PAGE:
“F. P. Dorchak writes like a hot-rodder heading toward a brick wall. Edge of your seat entertainment! I pondered over each of these stories long after I’d finished reading them. That’s what great writing is all about!”
Readers, I introduce to you to Samantha Crane, a recipient of a Pikes Peak Writers Conference 2017 scholarship. We ask those who benefit from our scholarship program to share a bit about their experience at PPWC. We hope to see Sam back next year ready to pitch!
Each year, the Pikes Peak Writers organization offers a limited number of scholarships to aspiring writers who could not otherwise attend the Conference. Since 1993, scholarships have been made possible by generous contributions from friends of PPW and participants of the Pikes Peak Writers Conference, and we thank those donors. Scholarship applications for Pikes Peak Writers Conference 2018 will be open beginning in November 2017. More information is available here.
The next Pikes Peak Writers Conference is April 27-29, 2018 in Colorado Springs, CO.
Gabrielle Brown, Managing Editor
I arrived at Pikes Peak Writers Conference 2017 ready to quit writing. I had not worked on my manuscript for ages and I had begun to hate it. While at the conference, the most amazing thing happened. I fell in love with my story again!
After four years of my manuscript waiting for me, I came out of this conference weekend with a bare-bones outline for my first book. I was even able to come up with concepts for two more books, taking this idea from hated and ignored to a trilogy that I am excited to work on. I really can’t pin it down on one “aha” moment because every second spent at the conference was building back up my love of writing. Of the 14 workshops I had the opportunity to attend over the weekend, two really stood out to me.
The first was “Writing Worlds That Work” with Carol Berg. She gave us so much information that I filled nine pages worth of notes. Ms. Berg covered everything from the definition of setting versus world to the background of your world–that is what is
happening around your character–to keeping your plot unpredictable. Ms. Berg even gave activities to complete so we would grasp the concepts better.
The second class that stood out to me, perhaps because of my own manuscript idea, was “Designing Magic” with M.H. Boroson. With his help I was able to better define and make sense of the magic within my world. Instead of having a vague idea of there being magic, I now have ideas to make it an impactful part of my current manuscript.
Writers Encouraging Writers
While I loved the workshops that I took and the speakers had such helpful information, I have to say that it was the people that were there that had the most impact on me. From the very first day when I sat down at the query help desk to the final meal on Sunday, I was encouraged by everyone I spoke with. The most common phrases I heard during the conference, and probably the words that will stick with me most, are “just finish it” and “you will finish it”.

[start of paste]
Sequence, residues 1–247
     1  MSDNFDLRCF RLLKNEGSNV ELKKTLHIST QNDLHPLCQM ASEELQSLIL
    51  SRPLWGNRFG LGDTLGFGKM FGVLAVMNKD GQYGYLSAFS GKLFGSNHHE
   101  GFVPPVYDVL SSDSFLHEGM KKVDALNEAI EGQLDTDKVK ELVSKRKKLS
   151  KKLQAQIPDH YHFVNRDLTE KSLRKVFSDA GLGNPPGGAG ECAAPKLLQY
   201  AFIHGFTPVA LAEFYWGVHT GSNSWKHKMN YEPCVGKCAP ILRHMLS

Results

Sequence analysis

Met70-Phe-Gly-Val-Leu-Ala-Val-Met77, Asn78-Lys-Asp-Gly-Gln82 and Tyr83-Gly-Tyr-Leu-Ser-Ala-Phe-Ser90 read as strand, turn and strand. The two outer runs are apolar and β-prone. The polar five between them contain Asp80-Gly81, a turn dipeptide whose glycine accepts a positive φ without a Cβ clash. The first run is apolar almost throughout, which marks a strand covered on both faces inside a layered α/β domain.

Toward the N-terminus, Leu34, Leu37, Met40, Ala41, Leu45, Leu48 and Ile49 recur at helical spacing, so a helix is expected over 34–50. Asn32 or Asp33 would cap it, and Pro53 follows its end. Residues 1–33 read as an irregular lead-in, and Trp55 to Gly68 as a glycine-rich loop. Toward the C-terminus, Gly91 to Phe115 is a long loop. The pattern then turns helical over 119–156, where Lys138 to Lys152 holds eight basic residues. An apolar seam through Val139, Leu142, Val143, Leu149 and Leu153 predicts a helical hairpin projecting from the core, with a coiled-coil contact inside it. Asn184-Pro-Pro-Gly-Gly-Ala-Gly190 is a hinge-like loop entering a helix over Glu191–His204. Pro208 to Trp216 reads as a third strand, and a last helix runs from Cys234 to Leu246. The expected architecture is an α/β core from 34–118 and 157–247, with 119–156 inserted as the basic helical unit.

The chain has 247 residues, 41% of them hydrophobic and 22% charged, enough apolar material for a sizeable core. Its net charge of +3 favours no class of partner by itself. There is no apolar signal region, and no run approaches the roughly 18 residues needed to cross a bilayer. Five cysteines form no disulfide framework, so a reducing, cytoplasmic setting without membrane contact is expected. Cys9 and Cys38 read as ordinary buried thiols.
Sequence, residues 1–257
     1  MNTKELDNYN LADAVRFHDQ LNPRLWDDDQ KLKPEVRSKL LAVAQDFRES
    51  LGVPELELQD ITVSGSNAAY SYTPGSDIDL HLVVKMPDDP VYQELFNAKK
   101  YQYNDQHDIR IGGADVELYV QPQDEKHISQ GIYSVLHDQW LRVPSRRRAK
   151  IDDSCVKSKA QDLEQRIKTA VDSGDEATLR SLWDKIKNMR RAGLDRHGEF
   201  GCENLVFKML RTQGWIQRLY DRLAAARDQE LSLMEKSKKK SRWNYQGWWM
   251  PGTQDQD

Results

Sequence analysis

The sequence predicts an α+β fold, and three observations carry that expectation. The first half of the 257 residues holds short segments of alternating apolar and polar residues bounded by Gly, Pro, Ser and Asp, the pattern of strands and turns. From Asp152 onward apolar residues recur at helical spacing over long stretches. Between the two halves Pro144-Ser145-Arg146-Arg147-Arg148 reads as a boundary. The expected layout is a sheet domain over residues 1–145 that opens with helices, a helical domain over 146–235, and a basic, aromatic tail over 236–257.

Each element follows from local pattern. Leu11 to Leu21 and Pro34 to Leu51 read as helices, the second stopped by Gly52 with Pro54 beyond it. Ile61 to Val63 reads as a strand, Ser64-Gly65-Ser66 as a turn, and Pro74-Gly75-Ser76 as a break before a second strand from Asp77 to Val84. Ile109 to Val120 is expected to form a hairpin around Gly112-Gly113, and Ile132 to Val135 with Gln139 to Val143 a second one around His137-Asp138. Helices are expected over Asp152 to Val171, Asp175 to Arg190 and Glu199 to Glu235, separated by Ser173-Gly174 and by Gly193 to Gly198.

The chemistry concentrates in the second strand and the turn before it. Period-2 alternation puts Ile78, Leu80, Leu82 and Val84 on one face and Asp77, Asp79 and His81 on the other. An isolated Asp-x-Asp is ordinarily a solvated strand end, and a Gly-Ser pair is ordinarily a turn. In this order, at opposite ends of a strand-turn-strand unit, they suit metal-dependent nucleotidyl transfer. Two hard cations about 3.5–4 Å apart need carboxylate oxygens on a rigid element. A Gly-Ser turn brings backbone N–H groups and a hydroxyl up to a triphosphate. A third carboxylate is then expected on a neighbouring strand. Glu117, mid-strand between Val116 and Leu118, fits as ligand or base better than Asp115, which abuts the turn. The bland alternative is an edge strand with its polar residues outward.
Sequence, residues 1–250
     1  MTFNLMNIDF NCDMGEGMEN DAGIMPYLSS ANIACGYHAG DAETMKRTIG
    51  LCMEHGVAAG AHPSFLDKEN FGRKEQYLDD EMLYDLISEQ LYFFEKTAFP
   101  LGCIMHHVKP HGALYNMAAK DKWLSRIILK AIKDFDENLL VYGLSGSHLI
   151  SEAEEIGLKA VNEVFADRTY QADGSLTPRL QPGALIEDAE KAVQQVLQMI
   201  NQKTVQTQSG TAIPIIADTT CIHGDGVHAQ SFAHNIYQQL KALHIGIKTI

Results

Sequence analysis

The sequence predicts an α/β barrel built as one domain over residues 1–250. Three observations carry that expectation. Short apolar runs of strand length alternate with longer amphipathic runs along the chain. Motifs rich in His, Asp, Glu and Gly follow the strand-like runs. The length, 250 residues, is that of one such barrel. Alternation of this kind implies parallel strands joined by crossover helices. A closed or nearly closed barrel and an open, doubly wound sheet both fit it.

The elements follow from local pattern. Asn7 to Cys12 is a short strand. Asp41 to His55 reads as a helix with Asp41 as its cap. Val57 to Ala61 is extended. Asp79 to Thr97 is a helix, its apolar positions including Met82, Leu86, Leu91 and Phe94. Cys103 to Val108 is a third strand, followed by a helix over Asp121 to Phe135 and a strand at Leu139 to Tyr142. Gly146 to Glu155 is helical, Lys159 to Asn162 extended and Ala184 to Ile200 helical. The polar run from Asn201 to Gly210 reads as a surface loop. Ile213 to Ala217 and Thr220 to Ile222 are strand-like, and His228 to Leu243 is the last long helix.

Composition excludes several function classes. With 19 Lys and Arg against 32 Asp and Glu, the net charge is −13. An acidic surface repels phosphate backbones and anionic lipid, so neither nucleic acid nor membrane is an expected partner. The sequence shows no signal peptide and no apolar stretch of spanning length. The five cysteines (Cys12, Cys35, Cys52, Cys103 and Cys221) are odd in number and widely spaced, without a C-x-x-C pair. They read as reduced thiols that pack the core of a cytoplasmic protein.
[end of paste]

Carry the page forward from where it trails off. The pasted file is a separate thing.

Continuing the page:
The conference was not all work, however. In our down time we were able to talk with other authors, editors, and agents. We had opportunity to get favorite books signed and shop for new additions to our collections. One of the most fun experiences was the costume dinner. It was wonderful to see so many people dress as beloved characters. The dinner had contests and prizes and is something I will be looking forward to every year.
This conference was a drastic turning point in what I can now call my writing career. I would suggest that every writer, even every person that has a story in mind, attend this conference. You will come away with not only a deeper understanding of writing and its techniques, but you will also receive encouragement by the ton, ideas, and maybe a few new friends. Take the chance, you won’t believe the change this conference can make in your life.
I’m sure I’m not alone in saying thank you, Pikes Peak writers conference 2017, I wish the conference could have lasted longer.
Samantha Crane lives in Colorado with her husband and two children. She is first and foremost a wife and mother, who has joyfully taken on the additional responsibility of homeschooling a preschooler and a kindergartener. In her free time Sam likes Fiber Arts such as crocheting, knitting, and has even tried her hand at spinning and dying her own yarn. Sam began reading when she was 4 years old but never really tried to write fiction until she was an adult. She is now currently working on her very first novel that combines her love of the Fantasy and Mysteries genres with a bit of Horror. Sam is hoping that she will be able to finish it and have it ready for editing within the next year, preferably in time for the next conference.
Readers, today we have installment number ten on Jason Henry Evans’ series on How to Write and Publish Historical Fiction. Today he shares marketing tips.
Wow. Ten months ago I said I wanted to do a series of basic how-to’s for historical fiction. While this was originally conceived as an eight part series, it has grown to ten – yes ten blogs – on how to write and publish your historical fiction.
Over this year we have covered:
And a bunch of other stuff.
So now what are we going to talk about? Cover art? How to handle your millions in royalties? Managing the paparazzi in three easy steps? Make-up techniques for television?